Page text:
This type of campaigning isn’t something that I particularly like doing, but I understand that it’s important for the candidates to do this in order to get out their support.  In addition, I’m friends with my MLA and I think I should help him out, that’s what friends do.  So, I agreed to help out.

The problem arises that I’m actually a bit of a natural on the phone.  At first I sat with my back straight, following the script, but after a while I got comfortable with what I was doing so I leaned back, ear to my phone, sticking to my own script and phoning people up.

You all should realize that phoning people up asking if they will vote for your candidate is not an easy job.  Half the time people aren’t home, and plenty of time the callees are hostile.  Seriously, I haven’t experienced that many hang-ups and rejections since the last five girls I asked out.  Ha! Burn!  (That was too good a burn to pass up, even though the target was myself).  On the other hand, getting the rejection doesn’t bother me too much.  At least for today, it rolled off my back and I didn’t find the calling all that unpleasant.

I guess this is character-building for my eventual run for political office (in which I am unlikely to get elected).

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Magic show over

I had my magic performance this past weekend and overall the trick went pretty well. There were only two things that didn’t go over so well:

1. I made a glass of milk magically appear. It was supposed to disappear 60 seconds later but it didn’t work. That morning I switched from juice to milk (a correct decision) but forgot to allow for the fact that milk is more difficult to vanish. So, I ended ditching the disappearnce of the liquid. That would have been cool.

2. At the end of the trick, I make a cane magically appear at my left fingertips out of no where. I made the cane appear and I tossed it to my right hand where I bobbled and dropped it. The problem is that I had only gotten that prop earlier that week so I didn’t have as much time to practice with it. In rehearsal, I found that sometimes I made it appear so quickly that I couldn’t control it. In this case, I did control the production and I bobbled the tossing from my left hand to my right. Luckily, I allowed for this in my rehearsals and that in the case that I did drop it, I would say "Oops" and make it look like part of my show. It kind of fit in character. So, when it actually occurred, I didn’t panic and grab it right away. I looked at the audience, said "Oops" and slowly bent down to pick it up. I think it was a good recovery.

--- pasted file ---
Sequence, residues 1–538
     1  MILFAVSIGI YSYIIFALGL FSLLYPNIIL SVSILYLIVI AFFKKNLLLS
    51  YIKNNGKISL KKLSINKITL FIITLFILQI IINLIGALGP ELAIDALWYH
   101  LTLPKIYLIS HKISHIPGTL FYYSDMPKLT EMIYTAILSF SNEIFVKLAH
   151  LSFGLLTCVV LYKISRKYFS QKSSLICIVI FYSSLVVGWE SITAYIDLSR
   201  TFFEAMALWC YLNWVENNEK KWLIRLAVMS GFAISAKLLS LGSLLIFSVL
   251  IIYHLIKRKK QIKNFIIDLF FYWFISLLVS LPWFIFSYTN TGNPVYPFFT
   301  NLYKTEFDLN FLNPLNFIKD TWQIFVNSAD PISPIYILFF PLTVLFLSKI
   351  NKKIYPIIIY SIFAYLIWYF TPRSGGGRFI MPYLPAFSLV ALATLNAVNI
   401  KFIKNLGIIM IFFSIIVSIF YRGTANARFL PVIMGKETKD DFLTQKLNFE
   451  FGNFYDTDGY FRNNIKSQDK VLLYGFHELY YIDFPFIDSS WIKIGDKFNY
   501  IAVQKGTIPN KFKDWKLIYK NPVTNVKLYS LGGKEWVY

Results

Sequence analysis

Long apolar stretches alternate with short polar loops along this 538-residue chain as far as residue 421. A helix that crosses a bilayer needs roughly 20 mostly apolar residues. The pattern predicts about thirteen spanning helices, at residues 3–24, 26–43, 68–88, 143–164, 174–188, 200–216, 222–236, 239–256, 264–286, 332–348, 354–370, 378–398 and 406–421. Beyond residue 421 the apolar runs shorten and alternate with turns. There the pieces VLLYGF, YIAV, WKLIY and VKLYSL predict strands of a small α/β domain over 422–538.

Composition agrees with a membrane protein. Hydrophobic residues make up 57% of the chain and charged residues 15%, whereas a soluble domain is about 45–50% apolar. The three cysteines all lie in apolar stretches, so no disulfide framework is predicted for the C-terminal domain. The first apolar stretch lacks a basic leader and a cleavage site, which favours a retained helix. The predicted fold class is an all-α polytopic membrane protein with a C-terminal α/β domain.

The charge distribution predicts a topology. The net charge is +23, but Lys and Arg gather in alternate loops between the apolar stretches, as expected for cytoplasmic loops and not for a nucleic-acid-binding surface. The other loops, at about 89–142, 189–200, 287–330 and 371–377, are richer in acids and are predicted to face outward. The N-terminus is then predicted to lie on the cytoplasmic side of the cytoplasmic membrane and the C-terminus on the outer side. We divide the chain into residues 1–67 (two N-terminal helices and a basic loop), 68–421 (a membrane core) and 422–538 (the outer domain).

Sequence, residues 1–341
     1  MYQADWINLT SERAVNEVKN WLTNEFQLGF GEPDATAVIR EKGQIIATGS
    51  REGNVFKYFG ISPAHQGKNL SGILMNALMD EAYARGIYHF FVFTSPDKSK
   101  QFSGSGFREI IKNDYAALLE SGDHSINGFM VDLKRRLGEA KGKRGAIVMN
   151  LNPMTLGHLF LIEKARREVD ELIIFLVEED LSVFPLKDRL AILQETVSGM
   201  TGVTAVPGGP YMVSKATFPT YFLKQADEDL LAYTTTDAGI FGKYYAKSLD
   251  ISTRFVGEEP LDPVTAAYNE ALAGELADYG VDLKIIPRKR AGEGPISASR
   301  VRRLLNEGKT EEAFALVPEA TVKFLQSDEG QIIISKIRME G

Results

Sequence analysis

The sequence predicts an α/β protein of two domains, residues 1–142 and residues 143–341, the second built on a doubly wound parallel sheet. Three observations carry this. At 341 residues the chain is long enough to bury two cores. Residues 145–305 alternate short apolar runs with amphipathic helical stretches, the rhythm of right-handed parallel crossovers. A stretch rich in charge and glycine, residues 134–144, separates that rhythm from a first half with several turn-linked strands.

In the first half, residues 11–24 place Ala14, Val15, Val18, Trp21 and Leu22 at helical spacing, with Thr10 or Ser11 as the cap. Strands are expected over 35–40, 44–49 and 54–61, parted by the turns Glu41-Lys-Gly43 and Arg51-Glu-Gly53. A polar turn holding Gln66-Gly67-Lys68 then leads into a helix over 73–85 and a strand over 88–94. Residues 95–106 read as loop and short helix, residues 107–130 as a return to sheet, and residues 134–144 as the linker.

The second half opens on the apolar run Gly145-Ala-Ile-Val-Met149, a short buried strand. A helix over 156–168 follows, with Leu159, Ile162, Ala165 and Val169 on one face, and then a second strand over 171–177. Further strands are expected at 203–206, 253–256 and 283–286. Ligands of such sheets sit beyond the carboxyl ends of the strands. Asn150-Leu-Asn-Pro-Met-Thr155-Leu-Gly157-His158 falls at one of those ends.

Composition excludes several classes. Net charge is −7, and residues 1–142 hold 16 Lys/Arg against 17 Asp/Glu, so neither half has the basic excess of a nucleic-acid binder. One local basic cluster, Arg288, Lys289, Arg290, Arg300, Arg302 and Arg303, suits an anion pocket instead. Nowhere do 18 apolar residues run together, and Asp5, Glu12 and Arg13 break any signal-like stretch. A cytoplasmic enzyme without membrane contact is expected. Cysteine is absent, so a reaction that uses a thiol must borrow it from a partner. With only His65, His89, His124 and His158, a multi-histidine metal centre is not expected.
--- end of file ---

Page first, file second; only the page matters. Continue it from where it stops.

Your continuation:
Now that it’s over, I can move onto some other effects. I have a whole bunch I’d like to work on and all of them are pretty cool. Stand by for details.

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As some of you may know, I run a second blog about what I do for a living (the link is on the right hand side of the page). It turns out a colleague in my industry is putting on a conference in Vienna, Austria about my particular industry.

He contacted me and invited me to come to said conference. While I would love to go, I don’t know if I can on the short notice. I’m going to another conference in San Jose in August so I doubt I’ll be able to go out to that one. However, the one in Austria is free (for me). Of course, flight and hotel is another matter but still, it’s nice to be invited.

Edit: So it turns out I can’t go.  Ah, well.  Better luck next year.

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Yesterday, Google released its version of a personalized home search page called iGoogle. I checked it out and I really like, so much so that I replaced my home page from Yahoo Finance (which has been my home page for almost two years) to iGoogle.

iGoogle allows you to customize your Google search page. You can add all sorts of gadgets on it, and on mine I have stock quotes, news articles, a Google map search, a calendar and a world clock. For me, that’s perfect because I use those features all the time. You can also pick the theme of your page. If you have a Google account you really ought to check it out.

Microsoft has a similar thing on their search page, Live.com. I have that one set up as well. I have iGoogle as my home page in Firefox and myLive in Internet Explorer. The one thing Live Search has that Google does not is a weather gadget that actually works in Canada. I tried setting up Google’s and I couldn’t get it to work for the city where I live. Live’s worked instantly, so the edge there goes to Windows Live. On the other hand, iGoogle has nicer themes than Live (in my opinion) and I like the fonts better.

Both get a thumbs-up from me, I like the customization.